Winners of the $4 billion Race to the Top jackpot committed to grand goals in using the federal grants to raise student achievement, as measured by higher test scores, narrowed achievement gaps, and increased graduation and college-going rates—all in four years.
Now comes the hard part: With the money in hand, the 11 states and the District of Columbia must deliver on those goals, which often involve making leaps in student achievement at a record-setting pace. For most states, that amounts to a long shot.
From the U.S. Department of Education’s perspective, that may not be a bad thing.
“Interestingly, when you look at some of those states with the most ambitious goals, these are the same states that are some of the best actors. They are tenacious and aggressive and really trying hard to meet those goals,” said Joanne Weiss, the former director of the Race to the Top and now the chief of staff to Secretary of Education Arne Duncan.
The winners’ success in meeting their goals—which earned them a certain number of points in the hard-fought grant competition last year—will offer a report card, of sorts, on the aggressive, multistate education improvement initiative launched as part of the American Recovery and Reinvestment Act.
The Many Goals of Race to the Top
The 12 states that won money from President Obama’s Race to the Top program now have set widely varying goals in which to improve achievement.
Most of the winners aimed high as they sought to woo the competition’s judges, even though the goals they set to improve student achievement carried limited weight in the scoring system. For example:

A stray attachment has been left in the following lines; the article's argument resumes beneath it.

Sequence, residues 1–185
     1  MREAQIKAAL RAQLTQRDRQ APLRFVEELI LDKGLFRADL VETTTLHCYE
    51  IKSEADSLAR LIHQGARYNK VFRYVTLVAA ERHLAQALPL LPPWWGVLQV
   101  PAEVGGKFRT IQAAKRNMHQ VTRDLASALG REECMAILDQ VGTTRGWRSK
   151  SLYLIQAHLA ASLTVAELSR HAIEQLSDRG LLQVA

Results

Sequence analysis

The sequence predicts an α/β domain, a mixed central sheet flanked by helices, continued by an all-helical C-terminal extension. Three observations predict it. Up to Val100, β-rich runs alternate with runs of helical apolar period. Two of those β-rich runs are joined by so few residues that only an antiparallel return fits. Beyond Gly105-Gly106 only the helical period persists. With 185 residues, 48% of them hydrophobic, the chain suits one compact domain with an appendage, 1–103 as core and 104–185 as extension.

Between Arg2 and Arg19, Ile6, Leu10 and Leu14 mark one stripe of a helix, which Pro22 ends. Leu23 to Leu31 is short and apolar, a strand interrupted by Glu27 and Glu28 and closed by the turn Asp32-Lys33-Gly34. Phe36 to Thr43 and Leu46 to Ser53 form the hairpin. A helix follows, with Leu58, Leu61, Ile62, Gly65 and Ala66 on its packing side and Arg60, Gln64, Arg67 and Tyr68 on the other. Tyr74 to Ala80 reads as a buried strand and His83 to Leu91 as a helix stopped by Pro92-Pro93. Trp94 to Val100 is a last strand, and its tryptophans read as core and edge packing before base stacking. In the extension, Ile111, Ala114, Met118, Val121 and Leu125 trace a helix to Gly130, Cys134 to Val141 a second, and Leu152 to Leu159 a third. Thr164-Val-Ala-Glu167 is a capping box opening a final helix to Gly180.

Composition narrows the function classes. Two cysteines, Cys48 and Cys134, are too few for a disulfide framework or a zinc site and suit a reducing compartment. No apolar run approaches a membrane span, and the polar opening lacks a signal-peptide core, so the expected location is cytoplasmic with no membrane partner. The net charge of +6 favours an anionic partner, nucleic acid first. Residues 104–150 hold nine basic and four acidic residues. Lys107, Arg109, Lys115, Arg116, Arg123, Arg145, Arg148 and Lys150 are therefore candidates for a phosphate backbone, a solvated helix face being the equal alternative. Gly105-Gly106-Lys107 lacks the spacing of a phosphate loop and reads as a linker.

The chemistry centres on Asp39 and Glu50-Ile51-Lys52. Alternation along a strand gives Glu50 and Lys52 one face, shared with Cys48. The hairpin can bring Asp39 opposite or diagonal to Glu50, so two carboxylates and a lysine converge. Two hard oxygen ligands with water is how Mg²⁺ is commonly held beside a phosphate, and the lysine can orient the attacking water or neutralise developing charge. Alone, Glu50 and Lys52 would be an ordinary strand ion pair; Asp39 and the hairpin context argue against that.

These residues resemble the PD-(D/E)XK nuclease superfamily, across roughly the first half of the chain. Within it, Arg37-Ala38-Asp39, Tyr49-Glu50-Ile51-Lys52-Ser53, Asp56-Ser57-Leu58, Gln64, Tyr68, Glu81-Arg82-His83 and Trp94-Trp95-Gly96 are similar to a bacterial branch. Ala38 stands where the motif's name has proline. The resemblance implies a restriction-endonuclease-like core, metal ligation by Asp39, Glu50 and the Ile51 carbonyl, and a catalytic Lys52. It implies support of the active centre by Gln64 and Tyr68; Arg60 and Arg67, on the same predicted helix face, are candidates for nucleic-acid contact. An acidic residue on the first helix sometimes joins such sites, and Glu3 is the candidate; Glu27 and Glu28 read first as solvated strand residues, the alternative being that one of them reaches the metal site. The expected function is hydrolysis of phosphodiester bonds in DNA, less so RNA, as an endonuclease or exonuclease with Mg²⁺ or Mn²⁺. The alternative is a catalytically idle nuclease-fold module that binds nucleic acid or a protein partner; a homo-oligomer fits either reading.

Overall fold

• The District of Columbia intends to lift its college-going rate by 20 percentage points, from 39 percent, the most of any Race to the Top winner.
• Rhode Island aspires to increase its proficiency rates in math on the 8th grade National Assessment of Educational Progress, or NAEP, by 27 percentage points over the five-year period, from 28 percent, something no other state has accomplished in so little time.
• And Maryland wants to eliminate achievement gaps among all student subgroups, including minority students and English-language learners, on state tests by 2014.
Those goals may be out of reach, many observers say.
“Nothing involving achievement changes fast in a great big country like this. Most of the time, things don’t change at all. Moving a state is a lot harder than moving an aircraft carrier,” said Chester E. Finn Jr., the president of the Thomas B. Fordham Institute, who led the Education Department’s research and improvement branch during the Reagan administration. But at the same time, Mr. Finn said, “something has to happen to the kids for this to be worth doing. We cannot just be rearranging the adult deck chairs.”